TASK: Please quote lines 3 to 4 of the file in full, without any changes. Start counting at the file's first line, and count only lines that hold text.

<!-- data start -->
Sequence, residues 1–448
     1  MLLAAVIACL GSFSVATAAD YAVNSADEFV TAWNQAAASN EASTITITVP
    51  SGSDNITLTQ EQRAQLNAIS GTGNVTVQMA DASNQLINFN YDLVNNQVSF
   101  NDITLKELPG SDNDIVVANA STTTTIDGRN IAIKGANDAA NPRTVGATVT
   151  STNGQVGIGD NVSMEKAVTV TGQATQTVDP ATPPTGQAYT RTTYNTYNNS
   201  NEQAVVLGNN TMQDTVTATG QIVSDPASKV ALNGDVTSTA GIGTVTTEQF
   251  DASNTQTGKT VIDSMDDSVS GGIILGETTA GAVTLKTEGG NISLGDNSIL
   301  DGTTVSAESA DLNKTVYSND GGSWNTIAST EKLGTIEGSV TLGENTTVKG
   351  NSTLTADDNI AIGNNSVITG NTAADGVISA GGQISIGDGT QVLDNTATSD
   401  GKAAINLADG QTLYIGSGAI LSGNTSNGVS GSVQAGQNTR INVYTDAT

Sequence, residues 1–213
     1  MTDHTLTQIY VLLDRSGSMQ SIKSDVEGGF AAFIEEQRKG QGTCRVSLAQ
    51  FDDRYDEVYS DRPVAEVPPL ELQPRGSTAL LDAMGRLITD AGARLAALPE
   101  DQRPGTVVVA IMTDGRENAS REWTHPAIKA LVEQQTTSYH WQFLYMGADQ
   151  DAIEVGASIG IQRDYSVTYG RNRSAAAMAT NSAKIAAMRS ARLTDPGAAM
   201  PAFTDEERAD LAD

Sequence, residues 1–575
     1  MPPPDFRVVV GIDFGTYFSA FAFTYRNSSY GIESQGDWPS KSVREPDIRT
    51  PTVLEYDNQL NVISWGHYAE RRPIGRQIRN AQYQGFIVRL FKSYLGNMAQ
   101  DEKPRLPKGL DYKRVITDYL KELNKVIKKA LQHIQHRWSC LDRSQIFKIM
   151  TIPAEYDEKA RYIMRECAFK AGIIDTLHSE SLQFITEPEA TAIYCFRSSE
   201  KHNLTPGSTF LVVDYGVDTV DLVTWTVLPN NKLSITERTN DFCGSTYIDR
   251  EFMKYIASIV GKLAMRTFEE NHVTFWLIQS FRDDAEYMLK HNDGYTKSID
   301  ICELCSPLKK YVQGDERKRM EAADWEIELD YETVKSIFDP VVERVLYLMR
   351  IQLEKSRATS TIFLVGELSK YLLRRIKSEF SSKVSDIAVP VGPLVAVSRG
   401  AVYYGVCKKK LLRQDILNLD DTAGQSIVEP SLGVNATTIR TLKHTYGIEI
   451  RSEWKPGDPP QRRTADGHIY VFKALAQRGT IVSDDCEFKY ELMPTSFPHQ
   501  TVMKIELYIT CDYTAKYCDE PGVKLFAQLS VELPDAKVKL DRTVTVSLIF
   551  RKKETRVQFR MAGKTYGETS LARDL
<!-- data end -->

    51  SGSDNITLTQ EQRAQLNAIS GTGNVTVQMA DASNQLINFN YDLVNNQVSF
   101  NDITLKELPG SDNDIVVANA STTTTIDGRN IAIKGANDAA NPRTVGATVT